Lighting up the 4th

Marshall, Currie still holding fireworks displays

File photo

MARSHALL — Marshall’s Fourth of July celebrations have weathered some storms in the past, from extreme rain to debris cleanup from windstorms in 2011.

But COVID-19 presented some brand new challenges, said Marshall Community Services Director Scott VanDerMillen.

“I think it’s going to be different than anything we’ve done before,” he said.

This year, Marshall will have fireworks, but no other city events, at Independence Park on Saturday night.

“We’re trying to do whatever we can, without hosting an event where people don’t have the ability to social distance,” VanDerMillen said. A lot of Marshall’s July 4 traditions, from the free kite-flying festival to community band performances, would draw crowds of people to the park. The fireworks, on the other hand, can be seen from a distance, which makes it easier for people to spread out.

VanDerMillen said discussions about the Fourth of July celebrations had been going on since about mid-April, and took changing COVID-19 guidelines into account.

The city, in partnership with the Marshall Hy-Vee, will be hosting the annual fireworks display at 10:15 p.m. The show will last about 25 minutes, VanDerMillen said.

The city is encouraging spectators to keep a distance of 6 feet from people outside their family units as they watch the fireworks, or watch from their own vehicles. Parking should be on hard or gravel surfaces only. People are also encouraged to wear cloth face coverings as feasible.

For people who would rather not go out, the city of Marshall will also be hosting a Facebook Live event to view the fireworks. The event will go live at 10:15 p.m. Saturday.

While a lot has changed, Marshall community organizers hope to give area residents a chance to have some fun on the Fourth.

“I think any time you can celebrate something, it makes people feel good and empowers our community,” VanDerMillen said.

Communities around southwest Minnesota have had to make decisions this year on how — or if — to hold Independence Day events or fireworks. In the Granite Falls area, Prairie’s Edge Casino canceled Fourth of July events because of COVID-19 concerns.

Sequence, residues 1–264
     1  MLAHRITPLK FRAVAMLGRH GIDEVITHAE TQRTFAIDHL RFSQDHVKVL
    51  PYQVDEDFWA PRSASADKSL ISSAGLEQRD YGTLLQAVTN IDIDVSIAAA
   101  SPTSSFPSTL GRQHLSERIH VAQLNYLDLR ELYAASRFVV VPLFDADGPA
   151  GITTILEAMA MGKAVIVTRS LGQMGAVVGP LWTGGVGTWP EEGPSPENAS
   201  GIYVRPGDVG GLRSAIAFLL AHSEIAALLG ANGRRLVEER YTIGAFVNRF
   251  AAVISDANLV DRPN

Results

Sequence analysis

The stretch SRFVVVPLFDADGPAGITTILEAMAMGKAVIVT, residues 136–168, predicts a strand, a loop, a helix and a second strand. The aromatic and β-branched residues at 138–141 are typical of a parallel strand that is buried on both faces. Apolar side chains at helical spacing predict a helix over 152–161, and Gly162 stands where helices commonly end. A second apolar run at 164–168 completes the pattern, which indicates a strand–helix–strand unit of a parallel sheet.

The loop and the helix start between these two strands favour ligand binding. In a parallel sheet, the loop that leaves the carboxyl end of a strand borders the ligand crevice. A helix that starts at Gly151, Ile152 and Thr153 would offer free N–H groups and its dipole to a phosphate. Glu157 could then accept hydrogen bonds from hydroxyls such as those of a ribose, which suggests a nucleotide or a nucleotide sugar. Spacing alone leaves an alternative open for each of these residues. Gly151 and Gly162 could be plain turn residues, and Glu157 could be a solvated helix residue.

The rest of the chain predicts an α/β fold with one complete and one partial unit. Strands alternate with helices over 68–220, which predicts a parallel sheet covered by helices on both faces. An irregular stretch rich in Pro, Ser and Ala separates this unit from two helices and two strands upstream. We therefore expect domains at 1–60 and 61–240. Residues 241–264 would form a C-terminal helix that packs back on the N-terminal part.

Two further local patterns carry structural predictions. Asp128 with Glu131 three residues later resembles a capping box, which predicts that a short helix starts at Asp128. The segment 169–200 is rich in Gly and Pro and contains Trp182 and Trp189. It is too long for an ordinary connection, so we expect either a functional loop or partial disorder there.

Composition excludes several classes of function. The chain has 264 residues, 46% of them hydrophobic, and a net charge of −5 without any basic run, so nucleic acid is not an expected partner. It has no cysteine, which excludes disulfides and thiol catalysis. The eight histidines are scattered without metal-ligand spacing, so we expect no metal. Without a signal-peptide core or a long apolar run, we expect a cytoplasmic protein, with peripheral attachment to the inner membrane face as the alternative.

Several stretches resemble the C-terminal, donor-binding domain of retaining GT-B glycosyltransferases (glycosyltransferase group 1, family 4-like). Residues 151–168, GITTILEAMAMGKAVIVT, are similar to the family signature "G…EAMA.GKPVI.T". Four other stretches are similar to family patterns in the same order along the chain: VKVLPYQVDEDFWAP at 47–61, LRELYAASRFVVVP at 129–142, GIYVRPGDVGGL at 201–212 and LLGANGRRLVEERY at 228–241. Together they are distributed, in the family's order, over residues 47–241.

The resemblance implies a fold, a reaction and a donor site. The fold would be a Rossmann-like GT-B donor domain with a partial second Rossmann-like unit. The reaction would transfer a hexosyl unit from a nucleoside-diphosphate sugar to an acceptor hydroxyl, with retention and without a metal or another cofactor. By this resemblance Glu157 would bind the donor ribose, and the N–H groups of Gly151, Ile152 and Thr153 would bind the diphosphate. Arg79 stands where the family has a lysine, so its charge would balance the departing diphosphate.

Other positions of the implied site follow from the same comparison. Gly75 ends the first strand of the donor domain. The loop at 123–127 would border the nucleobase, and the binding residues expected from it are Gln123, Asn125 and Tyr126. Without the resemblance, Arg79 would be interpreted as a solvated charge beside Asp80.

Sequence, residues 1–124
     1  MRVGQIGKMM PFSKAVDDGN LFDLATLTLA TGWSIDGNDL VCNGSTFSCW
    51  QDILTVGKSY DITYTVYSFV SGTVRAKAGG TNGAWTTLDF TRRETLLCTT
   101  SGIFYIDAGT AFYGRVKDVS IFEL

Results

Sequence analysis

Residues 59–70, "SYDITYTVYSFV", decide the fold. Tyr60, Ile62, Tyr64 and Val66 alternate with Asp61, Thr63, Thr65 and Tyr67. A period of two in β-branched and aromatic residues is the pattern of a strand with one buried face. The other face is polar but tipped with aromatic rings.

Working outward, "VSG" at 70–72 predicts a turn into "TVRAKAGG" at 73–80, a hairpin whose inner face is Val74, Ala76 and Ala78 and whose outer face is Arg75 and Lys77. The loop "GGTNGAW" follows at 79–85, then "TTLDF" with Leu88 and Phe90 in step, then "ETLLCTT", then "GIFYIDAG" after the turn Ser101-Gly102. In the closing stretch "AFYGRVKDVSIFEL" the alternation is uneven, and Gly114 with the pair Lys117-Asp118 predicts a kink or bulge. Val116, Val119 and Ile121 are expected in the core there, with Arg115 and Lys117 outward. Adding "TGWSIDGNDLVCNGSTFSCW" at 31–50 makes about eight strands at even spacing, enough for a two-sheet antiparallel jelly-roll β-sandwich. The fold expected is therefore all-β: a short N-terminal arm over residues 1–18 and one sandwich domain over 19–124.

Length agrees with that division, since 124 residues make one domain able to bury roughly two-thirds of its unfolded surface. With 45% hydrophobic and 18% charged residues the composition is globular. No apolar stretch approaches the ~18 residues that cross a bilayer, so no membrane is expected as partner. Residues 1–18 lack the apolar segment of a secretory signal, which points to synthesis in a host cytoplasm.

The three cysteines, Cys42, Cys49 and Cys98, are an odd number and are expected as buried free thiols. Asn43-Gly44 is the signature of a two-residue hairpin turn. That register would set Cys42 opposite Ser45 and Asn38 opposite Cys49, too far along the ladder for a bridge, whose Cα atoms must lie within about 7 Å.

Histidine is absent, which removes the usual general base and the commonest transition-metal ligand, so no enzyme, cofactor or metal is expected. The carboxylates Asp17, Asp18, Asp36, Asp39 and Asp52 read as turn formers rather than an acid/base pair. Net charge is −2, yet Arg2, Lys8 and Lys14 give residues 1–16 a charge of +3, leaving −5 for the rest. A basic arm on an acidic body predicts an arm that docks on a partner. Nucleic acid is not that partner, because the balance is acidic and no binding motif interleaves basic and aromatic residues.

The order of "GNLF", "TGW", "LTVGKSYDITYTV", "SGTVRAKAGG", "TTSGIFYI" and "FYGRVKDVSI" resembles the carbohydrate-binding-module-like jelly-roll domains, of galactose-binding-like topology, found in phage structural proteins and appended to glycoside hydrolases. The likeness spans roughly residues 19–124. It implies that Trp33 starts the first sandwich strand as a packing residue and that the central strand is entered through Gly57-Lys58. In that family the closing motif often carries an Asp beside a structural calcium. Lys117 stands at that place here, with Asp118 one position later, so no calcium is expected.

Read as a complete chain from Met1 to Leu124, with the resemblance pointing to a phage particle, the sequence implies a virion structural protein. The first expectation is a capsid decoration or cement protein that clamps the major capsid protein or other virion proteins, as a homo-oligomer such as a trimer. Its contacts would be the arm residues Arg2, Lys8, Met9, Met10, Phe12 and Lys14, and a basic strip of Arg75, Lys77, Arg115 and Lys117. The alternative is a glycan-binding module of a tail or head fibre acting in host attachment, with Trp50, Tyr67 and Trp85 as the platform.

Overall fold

However, a few area communities have been finding ways to change their festivities.

In Currie, the Fourth of July street dance was postponed, but the fireworks and other community events are still going on Saturday.

Organizers have made adaptations to a community picnic, volleyball tournament and beanbag tournament to try and prevent the spread of COVID-19, said Lexi Gervais.

“We wanted to try and do something to keep the tradition going,” Gervais said.

The July 4 picnic will still start serving at 11 a.m., but Gervais said organizers will be serving the food, and tables will be moved out of the picnic shelters to help encourage people to social distance.

“We are going to have picnic tables throughout the entire park,” she said. To-go boxes will also be available.

Gervais said organizers of the volleyball and beanbag tournaments will be taking extra precautions to make sure equipment is clean and sanitized. Participants in the beanbag tournament will need to bring their own beanbags.

Fireworks sponsored by the Town and Country Boosters and the Currie Fire Department will start at dusk on Saturday.

Other area communities have also found ways to keep their celebrations going this weekend. In Hendricks, the annual community picnic and Community Spirit award presentation were canceled, but the city said a display of flags to honor area veterans will still be set up on July 3.

In Ruthton, the Buffalo Ridge Civic Organization canceled its traditional Fourth of July celebrations, but organizers came up with a range of activities that could be done without crowds instead. The weekend’s events include yard decorating and patriotic chalk drawing contests, a virtual 5K run, and a kids’ fishing contest where participants race to post pictures of their catch.


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